WASHINGTON Attorney General Michael B. Mukasey said Wednesday that the Justice Department had elevated its inquiry into the destruction of Central Intelligence Agency interrogation videotapes into a formal criminal investigation to be headed by an outside prosecutor.
The announcement is the first sign that investigators believe C.I.A. officers, possibly along with other government officials, may have committed criminal acts in their handling of the tapes, which depicted the interrogations in 2002 of two Al Qaeda operatives and were destroyed in 2005.
The tapes were never provided to the Sept. 11 commission or to the courts, and the question of whether to destroy them was for nearly three years the subject of deliberations at the highest levels of the Bush administration.
Mr. Mukasey assigned an outside investigator, a federal prosecutor from Connecticut, to lead the criminal inquiry in tandem with the Federal Bureau of Investigation. The prosecutor, John H. Durham, is likely empanel a grand jury to hear testimony to determine whether there is enough evidence to bring criminal charges, which could include obstruction of justice.
As an outside prosecutor, Mr. Durham oversaw an investigation into the F.B.I.’s use of mob informants in Boston. He has been lead prosecutor in several successful corruption cases in Connecticut.
The announcement came after a joint inquiry by the Justice Department and the C.I.A.’s inspector general determined that the destruction of the tapes warranted a full criminal investigation. In an announcement on Wednesday, John Helgerson, the inspector general, said he would recuse himself from the investigation to avoid the appearance of a conflict of interest.
Mr. Helgerson’s office had reviewed the videotapes, documenting the interrogation of Abu Zubaydah and Abd al-Rahim al-Nashiri, as part of an investigation into the agency ‘s secret detention and interrogation program.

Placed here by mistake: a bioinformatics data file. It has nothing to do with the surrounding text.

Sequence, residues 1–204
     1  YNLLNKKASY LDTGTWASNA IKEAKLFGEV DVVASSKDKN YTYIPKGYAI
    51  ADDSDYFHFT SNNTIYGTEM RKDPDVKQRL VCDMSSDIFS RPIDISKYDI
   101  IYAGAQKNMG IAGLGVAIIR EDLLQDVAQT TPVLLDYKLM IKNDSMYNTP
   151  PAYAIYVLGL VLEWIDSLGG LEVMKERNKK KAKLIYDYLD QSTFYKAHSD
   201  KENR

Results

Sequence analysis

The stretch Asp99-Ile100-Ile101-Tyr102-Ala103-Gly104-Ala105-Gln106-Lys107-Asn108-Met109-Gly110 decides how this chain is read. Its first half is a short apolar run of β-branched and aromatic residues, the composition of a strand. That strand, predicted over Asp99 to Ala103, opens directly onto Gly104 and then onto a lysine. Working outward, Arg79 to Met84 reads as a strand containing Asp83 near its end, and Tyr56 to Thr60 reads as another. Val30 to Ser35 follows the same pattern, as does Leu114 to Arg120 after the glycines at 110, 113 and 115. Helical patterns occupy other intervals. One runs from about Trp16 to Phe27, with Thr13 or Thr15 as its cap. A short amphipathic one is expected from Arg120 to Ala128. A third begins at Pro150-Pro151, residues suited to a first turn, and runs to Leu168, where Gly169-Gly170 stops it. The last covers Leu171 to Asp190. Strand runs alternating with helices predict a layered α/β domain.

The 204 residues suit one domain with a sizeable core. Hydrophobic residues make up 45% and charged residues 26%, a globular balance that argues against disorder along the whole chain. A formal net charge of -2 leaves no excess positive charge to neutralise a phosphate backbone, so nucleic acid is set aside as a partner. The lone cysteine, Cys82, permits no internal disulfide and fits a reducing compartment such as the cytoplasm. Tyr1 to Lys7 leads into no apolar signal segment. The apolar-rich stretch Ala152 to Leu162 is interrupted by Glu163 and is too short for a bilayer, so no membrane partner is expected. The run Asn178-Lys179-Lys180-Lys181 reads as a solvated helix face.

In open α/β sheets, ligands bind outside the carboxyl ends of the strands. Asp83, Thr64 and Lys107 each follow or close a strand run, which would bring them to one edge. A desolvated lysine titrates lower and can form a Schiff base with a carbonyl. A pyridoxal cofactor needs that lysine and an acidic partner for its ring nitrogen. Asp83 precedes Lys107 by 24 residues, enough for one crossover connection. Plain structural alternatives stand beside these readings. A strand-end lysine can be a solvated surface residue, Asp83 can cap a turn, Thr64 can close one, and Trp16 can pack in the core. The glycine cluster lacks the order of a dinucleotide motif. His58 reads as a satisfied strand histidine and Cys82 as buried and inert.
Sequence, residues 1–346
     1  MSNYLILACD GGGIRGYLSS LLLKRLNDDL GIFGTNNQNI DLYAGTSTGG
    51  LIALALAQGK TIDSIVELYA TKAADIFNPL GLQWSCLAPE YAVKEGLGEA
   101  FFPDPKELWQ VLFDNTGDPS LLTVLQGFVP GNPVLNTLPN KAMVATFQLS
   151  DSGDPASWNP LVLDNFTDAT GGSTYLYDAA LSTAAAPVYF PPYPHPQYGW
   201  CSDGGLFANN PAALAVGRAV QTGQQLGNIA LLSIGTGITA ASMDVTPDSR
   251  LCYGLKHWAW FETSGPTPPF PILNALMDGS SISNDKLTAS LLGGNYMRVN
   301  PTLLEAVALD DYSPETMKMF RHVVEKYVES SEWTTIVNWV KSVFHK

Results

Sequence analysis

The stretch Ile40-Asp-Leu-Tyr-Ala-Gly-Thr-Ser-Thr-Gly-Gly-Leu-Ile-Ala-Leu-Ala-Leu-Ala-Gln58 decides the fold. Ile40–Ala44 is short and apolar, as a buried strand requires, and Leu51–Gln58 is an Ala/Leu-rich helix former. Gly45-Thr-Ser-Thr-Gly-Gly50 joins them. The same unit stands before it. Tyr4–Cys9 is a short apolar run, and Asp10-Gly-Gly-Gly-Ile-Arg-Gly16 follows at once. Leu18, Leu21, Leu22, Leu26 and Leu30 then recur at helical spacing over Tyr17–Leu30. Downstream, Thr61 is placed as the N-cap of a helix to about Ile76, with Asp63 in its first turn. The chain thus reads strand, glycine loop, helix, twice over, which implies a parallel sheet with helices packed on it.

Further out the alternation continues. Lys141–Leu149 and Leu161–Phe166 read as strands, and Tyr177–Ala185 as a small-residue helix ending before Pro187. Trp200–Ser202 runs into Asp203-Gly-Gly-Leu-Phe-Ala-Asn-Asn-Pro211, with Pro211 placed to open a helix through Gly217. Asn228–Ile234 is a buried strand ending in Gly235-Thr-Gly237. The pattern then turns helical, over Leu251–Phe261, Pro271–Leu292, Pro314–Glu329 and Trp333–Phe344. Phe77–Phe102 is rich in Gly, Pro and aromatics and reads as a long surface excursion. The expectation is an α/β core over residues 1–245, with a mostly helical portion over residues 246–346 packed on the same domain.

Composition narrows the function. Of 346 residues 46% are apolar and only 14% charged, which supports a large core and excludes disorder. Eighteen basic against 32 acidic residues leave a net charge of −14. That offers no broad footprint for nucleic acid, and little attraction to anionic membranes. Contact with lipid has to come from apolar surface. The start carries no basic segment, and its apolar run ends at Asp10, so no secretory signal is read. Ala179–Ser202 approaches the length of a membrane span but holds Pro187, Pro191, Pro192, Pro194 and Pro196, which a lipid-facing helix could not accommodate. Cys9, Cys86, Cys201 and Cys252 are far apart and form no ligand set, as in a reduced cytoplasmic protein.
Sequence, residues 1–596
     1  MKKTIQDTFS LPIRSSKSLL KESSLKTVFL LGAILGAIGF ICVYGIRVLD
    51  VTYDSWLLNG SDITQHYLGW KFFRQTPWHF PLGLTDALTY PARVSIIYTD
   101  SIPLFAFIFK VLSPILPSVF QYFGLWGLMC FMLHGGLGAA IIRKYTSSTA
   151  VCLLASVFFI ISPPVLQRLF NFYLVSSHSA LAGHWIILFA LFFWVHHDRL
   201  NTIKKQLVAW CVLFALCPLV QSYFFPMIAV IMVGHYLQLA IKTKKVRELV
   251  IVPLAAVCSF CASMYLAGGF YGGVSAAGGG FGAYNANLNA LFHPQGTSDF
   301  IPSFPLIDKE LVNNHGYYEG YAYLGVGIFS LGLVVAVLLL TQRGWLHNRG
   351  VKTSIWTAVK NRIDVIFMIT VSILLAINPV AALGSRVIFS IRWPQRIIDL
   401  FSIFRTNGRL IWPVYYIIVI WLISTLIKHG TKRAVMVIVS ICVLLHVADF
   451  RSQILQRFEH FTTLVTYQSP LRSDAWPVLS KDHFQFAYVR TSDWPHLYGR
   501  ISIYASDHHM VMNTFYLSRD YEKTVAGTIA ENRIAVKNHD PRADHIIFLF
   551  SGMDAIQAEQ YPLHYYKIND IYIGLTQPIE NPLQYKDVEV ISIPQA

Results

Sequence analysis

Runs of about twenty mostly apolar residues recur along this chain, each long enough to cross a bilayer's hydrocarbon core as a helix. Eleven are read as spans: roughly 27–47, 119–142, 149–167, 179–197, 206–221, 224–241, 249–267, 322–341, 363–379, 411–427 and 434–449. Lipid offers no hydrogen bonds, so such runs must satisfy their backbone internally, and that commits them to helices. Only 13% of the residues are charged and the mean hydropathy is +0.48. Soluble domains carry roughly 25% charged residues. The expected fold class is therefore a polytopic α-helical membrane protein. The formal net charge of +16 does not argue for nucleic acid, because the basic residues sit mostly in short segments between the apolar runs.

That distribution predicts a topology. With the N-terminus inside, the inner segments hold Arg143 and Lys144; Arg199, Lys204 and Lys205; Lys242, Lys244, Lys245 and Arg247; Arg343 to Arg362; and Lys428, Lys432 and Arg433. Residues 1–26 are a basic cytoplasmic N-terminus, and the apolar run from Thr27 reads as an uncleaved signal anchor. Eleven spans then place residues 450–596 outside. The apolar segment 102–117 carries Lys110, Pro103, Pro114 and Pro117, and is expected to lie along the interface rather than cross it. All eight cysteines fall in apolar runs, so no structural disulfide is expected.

The tapes are thought to portray the use of the technique known as waterboarding, which simulates drowning and which has widely been condemned as torture.
Mr. Helgerson completed his investigation into the program in early 2004.
The newly announced investigation is likely to provide fodder on the presidential campaign trail for critics of administration policies on the detention and interrogation of terror suspects.
The fate of the tapes had been debated by at least four top White House lawyers, according to current and former administration and intelligence officials.
Those officials said the White House lawyers included Alberto R. Gonzales, then the White House counsel and later the attorney general. Mr. Gonzales resigned under pressure on Aug. 27, and Mr. Mukasey succeeded him.
Administration critics blamed Mr. Gonzales for carving out positions on detention and interrogation they deemed too permissive. So the actions of Mr. Mukasey, who as a federal judge in New York built a reputation as tough on terrorism, are being closely watched.
It remains unclear how various administration officials argued on the matter of the tapes, though one former senior intelligence official familiar with the matter said there had been “vigorous sentiment” among some top White House officials that the tapes should be destroyed.
White House spokesmen have been scrupulous about not commenting on the matter, citing investigations already begun by the C.I.A. inspector general and Congress.
The C.I.A. said that it would “cooperate fully with this investigation, as it has with others into this matter.”
The House Intelligence Committee has ordered Jose A. Rodriguez Jr., the former C.I.A. official who has been described by intelligence officials as having authorized the destruction of the tapes, to appear at a hearing on Jan. 16.
Brian Knowlton contributed reporting.